- Shipping VLC commercially means shipping all the source code of all external libraries, which they usually don’t. (Still GPL)

      - VLC, VideoLAN, x264 and VLC media player Trademarks are registered. (depends on the countries)

      - Scraping the website and the images is not ok. (copyright)

      - Wrongly impersonating a person or an organisation is not ok either.

  9. These people disgust me. There must be some way to do something. We need the help of Lulsec

    • Indeed, a bit of Lulz is always welcome :-D

      • Øystein Huseby

        Please dont mention anything about lul, those guys are notting but annoying guys in a garage, making there own rules there notting better then the guys earning money on software under the GPL license, if not ten times worse.

        And i might add, thanks for the open NSIS installer, i modifed it to publish it to a school academy(approx 2000 computers) i were working on as a software distrubter, it were suprisingtly easy to modify it in order to get an own launcer to set the settings we wanted, along with disabled auto upgrade and so on.

    • A good old baseball bat would be more than enough from my point of view :D

    • I’ve followed the stories on this new wave of “ethical” hackers and so far seen the majority to be shots taken at innocent bystanders in the name of some barely related noble cause. This would actually be the first case where I could see some DDOS or defacement being a truly and legitimately justified and ethical move.

      I’d respect them for it anyway.

  10. You should be able to do a Euro-wide patent rather than have to file in each company, imho, ianal…

  11. There is some consolation in the fact that these links are paid ads and that they don’t trump you in rankings.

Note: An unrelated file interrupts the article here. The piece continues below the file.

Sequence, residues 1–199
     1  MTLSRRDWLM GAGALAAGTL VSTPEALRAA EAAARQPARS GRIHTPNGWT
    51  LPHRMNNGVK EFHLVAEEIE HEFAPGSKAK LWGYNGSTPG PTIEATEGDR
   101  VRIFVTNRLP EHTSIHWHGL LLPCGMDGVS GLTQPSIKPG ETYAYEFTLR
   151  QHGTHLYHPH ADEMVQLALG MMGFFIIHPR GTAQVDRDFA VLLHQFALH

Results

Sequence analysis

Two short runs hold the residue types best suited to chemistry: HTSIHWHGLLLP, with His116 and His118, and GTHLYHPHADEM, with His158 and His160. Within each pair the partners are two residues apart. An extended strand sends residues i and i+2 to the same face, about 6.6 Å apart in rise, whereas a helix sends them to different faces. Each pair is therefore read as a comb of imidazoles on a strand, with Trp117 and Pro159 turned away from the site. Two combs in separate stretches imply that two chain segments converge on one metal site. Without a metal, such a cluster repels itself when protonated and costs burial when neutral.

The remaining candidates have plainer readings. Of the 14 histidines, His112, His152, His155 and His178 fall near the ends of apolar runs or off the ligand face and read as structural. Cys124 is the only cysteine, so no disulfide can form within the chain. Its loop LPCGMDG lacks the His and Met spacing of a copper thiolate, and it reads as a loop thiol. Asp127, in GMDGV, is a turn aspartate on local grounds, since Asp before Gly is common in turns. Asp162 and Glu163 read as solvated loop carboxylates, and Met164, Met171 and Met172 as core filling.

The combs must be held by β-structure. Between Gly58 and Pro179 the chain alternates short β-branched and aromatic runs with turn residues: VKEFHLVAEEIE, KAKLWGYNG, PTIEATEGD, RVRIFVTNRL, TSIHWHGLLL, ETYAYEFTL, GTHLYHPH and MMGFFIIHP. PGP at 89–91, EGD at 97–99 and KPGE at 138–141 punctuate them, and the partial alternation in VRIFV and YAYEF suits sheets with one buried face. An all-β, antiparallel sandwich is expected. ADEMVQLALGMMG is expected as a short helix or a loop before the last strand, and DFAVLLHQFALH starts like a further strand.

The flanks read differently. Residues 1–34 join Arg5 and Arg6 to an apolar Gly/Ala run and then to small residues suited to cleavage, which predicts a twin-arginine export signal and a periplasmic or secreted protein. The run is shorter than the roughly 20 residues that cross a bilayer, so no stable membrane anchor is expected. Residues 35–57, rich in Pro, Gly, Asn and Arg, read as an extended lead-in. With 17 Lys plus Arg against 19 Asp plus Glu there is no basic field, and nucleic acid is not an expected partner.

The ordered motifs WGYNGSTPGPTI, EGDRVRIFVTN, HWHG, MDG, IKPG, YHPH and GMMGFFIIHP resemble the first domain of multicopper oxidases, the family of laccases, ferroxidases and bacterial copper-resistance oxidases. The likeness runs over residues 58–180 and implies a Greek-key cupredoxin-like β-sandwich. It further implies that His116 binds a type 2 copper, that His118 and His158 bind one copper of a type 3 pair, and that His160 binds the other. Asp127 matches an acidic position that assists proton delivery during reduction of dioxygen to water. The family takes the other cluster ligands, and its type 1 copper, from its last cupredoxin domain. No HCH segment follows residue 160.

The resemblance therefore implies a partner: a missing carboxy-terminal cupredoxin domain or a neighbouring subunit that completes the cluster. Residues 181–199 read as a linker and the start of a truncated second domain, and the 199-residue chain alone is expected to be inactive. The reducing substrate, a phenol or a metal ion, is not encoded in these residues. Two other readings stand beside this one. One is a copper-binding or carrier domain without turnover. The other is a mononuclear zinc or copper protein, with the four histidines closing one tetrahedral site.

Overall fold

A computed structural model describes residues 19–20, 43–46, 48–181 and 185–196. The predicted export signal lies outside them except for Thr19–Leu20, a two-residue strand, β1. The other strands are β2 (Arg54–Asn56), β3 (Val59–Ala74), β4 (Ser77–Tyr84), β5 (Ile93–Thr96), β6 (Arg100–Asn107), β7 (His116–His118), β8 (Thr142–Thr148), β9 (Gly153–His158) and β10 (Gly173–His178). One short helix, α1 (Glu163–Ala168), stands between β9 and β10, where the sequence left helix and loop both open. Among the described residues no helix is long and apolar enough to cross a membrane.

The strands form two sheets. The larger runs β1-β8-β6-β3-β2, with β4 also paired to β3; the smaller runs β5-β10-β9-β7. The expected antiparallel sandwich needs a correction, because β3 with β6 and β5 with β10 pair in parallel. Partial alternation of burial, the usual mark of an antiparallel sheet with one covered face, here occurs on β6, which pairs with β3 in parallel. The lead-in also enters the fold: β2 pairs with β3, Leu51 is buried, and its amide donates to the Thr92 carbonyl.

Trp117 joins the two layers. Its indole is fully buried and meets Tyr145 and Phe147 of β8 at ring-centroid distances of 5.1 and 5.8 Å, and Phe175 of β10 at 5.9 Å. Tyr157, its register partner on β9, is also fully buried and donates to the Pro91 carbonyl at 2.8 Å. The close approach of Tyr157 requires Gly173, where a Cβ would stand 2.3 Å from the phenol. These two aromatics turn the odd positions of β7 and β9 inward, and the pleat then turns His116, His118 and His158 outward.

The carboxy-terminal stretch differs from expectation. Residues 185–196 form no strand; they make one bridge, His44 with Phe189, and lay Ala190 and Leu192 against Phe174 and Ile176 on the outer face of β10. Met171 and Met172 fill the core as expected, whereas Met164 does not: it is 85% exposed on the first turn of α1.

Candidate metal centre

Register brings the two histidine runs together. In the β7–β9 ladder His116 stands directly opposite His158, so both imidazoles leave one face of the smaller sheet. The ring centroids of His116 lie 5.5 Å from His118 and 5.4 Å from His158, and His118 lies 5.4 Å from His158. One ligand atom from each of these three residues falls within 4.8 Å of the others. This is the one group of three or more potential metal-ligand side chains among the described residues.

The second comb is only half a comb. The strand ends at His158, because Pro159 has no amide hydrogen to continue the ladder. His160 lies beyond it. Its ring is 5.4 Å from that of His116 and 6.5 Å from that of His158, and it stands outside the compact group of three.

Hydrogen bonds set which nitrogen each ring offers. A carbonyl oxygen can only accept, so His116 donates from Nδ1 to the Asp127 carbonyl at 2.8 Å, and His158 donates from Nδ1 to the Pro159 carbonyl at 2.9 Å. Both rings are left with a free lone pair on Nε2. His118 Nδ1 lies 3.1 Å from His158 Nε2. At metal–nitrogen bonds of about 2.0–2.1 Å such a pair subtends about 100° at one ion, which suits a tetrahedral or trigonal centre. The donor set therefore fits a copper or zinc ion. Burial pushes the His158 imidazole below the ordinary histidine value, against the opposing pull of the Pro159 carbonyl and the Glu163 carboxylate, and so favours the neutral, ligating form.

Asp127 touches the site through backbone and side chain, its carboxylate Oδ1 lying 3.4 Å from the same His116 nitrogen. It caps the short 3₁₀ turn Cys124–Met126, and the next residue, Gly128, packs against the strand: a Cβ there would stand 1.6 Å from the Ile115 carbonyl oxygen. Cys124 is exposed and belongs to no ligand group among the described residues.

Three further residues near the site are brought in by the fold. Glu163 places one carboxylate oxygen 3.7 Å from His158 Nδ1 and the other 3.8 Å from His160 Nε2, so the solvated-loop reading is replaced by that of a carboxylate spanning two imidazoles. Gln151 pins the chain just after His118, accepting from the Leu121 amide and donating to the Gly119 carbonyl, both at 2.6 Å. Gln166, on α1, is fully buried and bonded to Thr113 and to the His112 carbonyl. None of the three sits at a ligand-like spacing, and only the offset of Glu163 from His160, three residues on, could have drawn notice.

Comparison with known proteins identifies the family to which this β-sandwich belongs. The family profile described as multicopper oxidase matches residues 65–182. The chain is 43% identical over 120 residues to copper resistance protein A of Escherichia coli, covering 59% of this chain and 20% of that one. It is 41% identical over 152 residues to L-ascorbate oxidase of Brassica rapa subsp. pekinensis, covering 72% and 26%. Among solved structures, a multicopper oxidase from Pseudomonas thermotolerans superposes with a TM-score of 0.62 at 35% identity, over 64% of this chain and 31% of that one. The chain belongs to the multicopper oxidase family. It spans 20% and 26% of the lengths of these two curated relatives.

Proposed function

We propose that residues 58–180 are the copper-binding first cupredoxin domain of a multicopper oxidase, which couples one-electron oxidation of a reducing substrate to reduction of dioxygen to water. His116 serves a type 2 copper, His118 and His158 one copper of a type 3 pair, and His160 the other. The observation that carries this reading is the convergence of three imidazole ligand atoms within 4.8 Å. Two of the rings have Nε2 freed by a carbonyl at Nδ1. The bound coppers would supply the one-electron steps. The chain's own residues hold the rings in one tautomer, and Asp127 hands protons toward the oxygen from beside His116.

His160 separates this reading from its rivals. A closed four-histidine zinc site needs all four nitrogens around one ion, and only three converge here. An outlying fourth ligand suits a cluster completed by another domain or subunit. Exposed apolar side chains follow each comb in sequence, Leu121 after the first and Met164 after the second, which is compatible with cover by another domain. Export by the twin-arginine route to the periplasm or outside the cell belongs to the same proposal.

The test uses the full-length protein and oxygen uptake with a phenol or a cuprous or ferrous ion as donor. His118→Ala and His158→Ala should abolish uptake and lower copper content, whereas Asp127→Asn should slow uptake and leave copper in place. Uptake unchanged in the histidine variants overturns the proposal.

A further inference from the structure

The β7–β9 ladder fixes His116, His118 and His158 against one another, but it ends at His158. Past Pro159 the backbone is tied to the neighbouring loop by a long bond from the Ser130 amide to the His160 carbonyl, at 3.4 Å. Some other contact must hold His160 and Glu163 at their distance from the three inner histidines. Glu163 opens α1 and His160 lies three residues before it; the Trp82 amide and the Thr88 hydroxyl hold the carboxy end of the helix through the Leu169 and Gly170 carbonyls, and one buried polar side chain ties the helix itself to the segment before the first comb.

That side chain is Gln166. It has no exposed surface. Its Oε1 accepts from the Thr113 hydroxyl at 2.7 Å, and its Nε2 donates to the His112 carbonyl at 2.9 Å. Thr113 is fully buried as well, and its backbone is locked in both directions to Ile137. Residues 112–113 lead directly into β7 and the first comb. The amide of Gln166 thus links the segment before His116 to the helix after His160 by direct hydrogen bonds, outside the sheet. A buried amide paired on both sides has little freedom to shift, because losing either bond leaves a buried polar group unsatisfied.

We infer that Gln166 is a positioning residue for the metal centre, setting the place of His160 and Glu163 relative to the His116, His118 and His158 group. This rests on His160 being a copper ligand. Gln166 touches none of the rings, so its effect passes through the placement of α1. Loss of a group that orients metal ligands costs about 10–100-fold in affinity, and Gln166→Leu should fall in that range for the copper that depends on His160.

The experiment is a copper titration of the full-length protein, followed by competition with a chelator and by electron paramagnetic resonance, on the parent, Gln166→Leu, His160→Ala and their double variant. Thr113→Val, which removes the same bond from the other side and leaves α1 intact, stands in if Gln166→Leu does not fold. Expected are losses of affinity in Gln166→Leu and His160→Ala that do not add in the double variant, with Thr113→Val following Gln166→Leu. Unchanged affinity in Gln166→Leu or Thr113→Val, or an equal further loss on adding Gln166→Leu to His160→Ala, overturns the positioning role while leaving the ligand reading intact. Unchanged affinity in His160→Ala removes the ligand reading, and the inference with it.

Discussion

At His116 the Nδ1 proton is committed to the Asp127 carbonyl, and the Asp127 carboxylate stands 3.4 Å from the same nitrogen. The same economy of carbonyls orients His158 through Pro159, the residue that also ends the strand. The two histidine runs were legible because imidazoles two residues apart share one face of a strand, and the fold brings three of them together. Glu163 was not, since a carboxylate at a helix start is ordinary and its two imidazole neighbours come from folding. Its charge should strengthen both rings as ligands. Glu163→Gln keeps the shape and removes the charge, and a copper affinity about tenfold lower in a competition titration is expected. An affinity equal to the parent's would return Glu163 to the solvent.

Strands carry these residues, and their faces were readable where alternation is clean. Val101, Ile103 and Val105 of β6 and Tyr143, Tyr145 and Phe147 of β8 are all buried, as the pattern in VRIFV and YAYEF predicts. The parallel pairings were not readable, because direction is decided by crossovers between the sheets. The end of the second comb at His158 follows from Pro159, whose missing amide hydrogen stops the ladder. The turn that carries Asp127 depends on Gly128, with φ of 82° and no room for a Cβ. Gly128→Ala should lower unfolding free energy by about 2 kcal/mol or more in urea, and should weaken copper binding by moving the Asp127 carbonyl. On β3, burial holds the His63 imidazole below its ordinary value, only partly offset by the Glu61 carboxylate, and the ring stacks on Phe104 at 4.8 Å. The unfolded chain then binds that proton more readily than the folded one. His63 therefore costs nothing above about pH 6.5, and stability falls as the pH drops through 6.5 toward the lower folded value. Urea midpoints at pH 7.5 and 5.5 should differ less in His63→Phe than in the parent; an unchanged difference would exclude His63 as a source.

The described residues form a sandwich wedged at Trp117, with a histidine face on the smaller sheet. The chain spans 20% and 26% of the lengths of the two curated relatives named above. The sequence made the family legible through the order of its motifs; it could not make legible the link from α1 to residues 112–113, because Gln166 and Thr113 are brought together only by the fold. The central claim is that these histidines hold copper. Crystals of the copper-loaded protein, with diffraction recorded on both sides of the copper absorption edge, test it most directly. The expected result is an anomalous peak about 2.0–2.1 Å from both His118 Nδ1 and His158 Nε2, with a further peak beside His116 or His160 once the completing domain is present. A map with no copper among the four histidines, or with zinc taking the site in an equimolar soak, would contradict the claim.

12. man up … get a lawyer … go to the gym …

  13. I’ve nearly been hired by this eorezo crap few years ago. Now I’m glad I wasn’t.

  14. Create a bot that clicks on the malicious VLC ads?

    • I don’t think it’s a good solution. It’s the role of the Ad-companies to filter malicious requests from their customers. Sadly most of them don’t care.

  15. did you submitted the fake url download links to any security company like kaspersky, trendmicro for blocking this “malicious” websites? its fraud and has to be blocked

  16. Google – despite its anti-malware stance – still earn money from these phony firms. They won’t do anything to boot them from AdWords.

    I you don’t have legal way to combat them, then USE TECHNOLOGY AND THE COMMUNITY !
    That’s why I’m a WOT contributor: I try to red-flag as many as those sites as possible, and promote the use of WOT : http://mywot.com

    Users can then – with zero-knowledge – be informed of fishy websites with a free browser extension.

  17. The least we can do is to rate them on WOT (Web Of Trust).
    Done !

    p.s.
    Don’t forget to tell people around you that they should have this extension. My parents who are not very familiar with Internet have been saved a lot of times…

  18. Have you tried reporting this to the Free Software Foundation at http://www.fsf.org/ ?
    I would also go to http://www.gnu.org/licenses/gpl-violation.html. You can email them directly at license-violation@gnu.org.

  19. “Until we decide to sue them I don’t think the FSF can be of any help.”

    Couldn’t do any harm, either. They might do it pro bono.

  20. Why are you talking to google? Why not talk to Mozilla? They control the software that many people (about half) use to access your program. Mozilla could theoretically ship a known badware blacklist by default, rather than relying on google, who clearly have a conflict of interest.

    It comes down to the problem that repository based distribution solves — authenticity. The internet is exceptionally bad at this, and the solution is to ensure active trust webs.

    • The blacklist used in Firefox is managed by StopBadware.org, but until now they didn’t want to blacklist those websites. See previous comments from Mike Shaver for details.

  21. Juju_the_ouf

    Yes unfortunately it is very very boring. But that’s why I put all the fake sites vlc (as gimp etc …) in red.